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petronius

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Gender: Male
Hometown: California
Member since: 2003 before July 6th
Number of posts: 26,162

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Inveniet quod quisque velit; non omnibus unum est, quod placet; hic spinas colligit, ille rosas.

Journal Archives

McGill database will help climate-change experts track world's lakes

When it comes to lake water, some McGill University geographers are in deep.

They spent the past three years calculating the most precise estimates yet for the amount of water contained in the world’s 1.42 million lakes.

And ecologists, climate-change experts and other scientists are about to reap the benefits of their research, published Thursday in the journal Nature Communications.

Most lakes have been mapped but “one thing that was completely missing was the volume of lake water,” said senior author Bernhard Lehner, an associate professor in McGill’s geography department.

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http://montrealgazette.com/news/local-news/mcgill-database-will-help-climate-change-experts-track-worlds-lakes

Africa at highest risk of major economic blow from future climate threats: global index

ROME (Thomson Reuters Foundation) - Countries most dependent on agriculture are also at high risk of experiencing changes in climate over the next 30 years and face the biggest costs in dealing with the effects of extreme weather, according to a global climate index published on Monday.

Sub-Saharan Africa is home to 17 of the 20 countries most economically reliant on agriculture in the world.

Of the 17, all but two are at "high" or "extreme" risk of experiencing changes in temperature and rainfall, and extremes such as drought and floods, according to the Climate Change Exposure Index.

These are typically countries whose governments lack the financial or technical resources to plan 20 or 30 years in advance, said Richard Hewston, principal environmental analyst at Verisk Maplecroft, a UK-based risk management company which compiled the index.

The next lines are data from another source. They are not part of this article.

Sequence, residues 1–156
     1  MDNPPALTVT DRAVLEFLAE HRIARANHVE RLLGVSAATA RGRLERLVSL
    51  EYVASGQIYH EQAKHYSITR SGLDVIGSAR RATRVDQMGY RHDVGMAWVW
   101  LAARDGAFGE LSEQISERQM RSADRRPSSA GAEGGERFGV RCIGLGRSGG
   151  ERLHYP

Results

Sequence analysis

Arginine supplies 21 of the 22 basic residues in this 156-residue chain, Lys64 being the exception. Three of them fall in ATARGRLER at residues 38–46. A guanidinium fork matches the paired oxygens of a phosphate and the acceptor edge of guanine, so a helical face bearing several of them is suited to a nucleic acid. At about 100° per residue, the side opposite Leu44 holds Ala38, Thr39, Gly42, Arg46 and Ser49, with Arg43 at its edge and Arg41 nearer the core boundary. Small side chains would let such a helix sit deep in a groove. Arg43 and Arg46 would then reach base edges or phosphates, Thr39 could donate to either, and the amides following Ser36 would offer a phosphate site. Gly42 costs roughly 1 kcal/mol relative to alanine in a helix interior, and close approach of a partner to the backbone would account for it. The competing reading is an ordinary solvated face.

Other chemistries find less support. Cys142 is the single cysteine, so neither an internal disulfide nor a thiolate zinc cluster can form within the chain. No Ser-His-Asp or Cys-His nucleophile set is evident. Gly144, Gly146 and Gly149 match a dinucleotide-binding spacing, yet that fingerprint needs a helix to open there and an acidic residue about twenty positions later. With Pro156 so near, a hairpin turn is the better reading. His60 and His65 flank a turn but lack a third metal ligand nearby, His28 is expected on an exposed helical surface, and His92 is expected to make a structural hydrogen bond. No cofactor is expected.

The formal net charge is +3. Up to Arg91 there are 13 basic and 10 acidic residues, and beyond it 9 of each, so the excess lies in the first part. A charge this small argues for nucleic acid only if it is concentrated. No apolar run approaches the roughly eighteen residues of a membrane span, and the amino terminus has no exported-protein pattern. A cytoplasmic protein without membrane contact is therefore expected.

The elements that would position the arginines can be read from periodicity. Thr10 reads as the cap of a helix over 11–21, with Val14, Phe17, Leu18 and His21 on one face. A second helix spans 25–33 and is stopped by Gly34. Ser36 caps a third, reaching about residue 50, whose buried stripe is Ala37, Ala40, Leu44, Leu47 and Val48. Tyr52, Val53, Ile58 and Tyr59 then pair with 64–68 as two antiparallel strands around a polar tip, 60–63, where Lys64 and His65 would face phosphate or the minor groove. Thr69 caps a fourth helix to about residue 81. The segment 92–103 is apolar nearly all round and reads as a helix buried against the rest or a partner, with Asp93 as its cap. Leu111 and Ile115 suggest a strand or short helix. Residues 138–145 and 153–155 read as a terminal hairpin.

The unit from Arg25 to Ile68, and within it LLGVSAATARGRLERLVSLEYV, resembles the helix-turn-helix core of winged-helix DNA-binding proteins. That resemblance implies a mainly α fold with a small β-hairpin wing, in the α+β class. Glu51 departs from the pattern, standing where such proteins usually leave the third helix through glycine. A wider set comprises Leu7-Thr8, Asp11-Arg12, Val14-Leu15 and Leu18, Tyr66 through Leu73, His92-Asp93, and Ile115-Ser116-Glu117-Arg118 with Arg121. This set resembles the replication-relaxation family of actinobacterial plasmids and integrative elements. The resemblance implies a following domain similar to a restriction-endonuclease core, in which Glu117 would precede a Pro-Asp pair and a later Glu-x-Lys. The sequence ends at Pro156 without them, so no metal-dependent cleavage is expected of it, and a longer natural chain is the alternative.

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http://www.reuters.com/article/us-agriculture-climatechange-idUSKBN14802K


A couple of relevant past DU threads:
http://www.democraticunderground.com/1127100316
http://www.democraticunderground.com/112777572
http://www.democraticunderground.com/112769104

Rising Reality: Bay Area bracing for rising sea levels

Chronicle Urban Design Critic John King explores the challenges posed by sea level rise in the Bay Area, from the perils facing San Francisco's crumbling Embarcadero to the struggles to revive marshes and the creation of a small city on Treasure Island.

http://projects.sfchronicle.com/2016/sea-level-rise/

A five-part series on sea level rise in the Bay Area, from the Chronicle. Doesn't seem to be pay-walled, and I didn't notice it posted before.

500-year-old clams unlock history of oceans

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By studying growth rings in the shells of quahog clams, scientists have pieced together the history of the North Atlantic Ocean over the past 1,000 years. The method is similar to how tree rings can serve as climate proxies by revealing clues about past weather and climate changes, including droughts.

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By studying the clams' shells, scientists from Cardiff University and Bangor University in Wales found that the ocean's relationship with the atmosphere drastically changed over the centuries. That is likely due to the influence of greenhouse gases such as carbon dioxide and methane that have been pumped into the atmosphere from humanity's burning of fossil fuels, beginning with the Industrial Revolution.

Although clams have been used as climate proxies through the field called sclerochronology since the 1970s, the new study is the first time researchers have been able to obtain a 1,000-year record of the ocean with absolute dating precision, according to lead author David Reynolds of Cardiff University.

In the pre-industrial era, roughly before 1800, the climate was driven by natural factors such as volcanic eruptions and solar activity, he said. At that time, the ocean influenced the atmosphere. But since then, it's been the other way around: The atmosphere, with its increasing levels of carbon dioxide and other greenhouse gases, has driven major shifts underwater.

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http://www.usatoday.com/story/tech/sciencefair/2016/12/06/500-year-old-clams-oceans-climate/95040372/

http://www.nature.com/articles/ncomms13502
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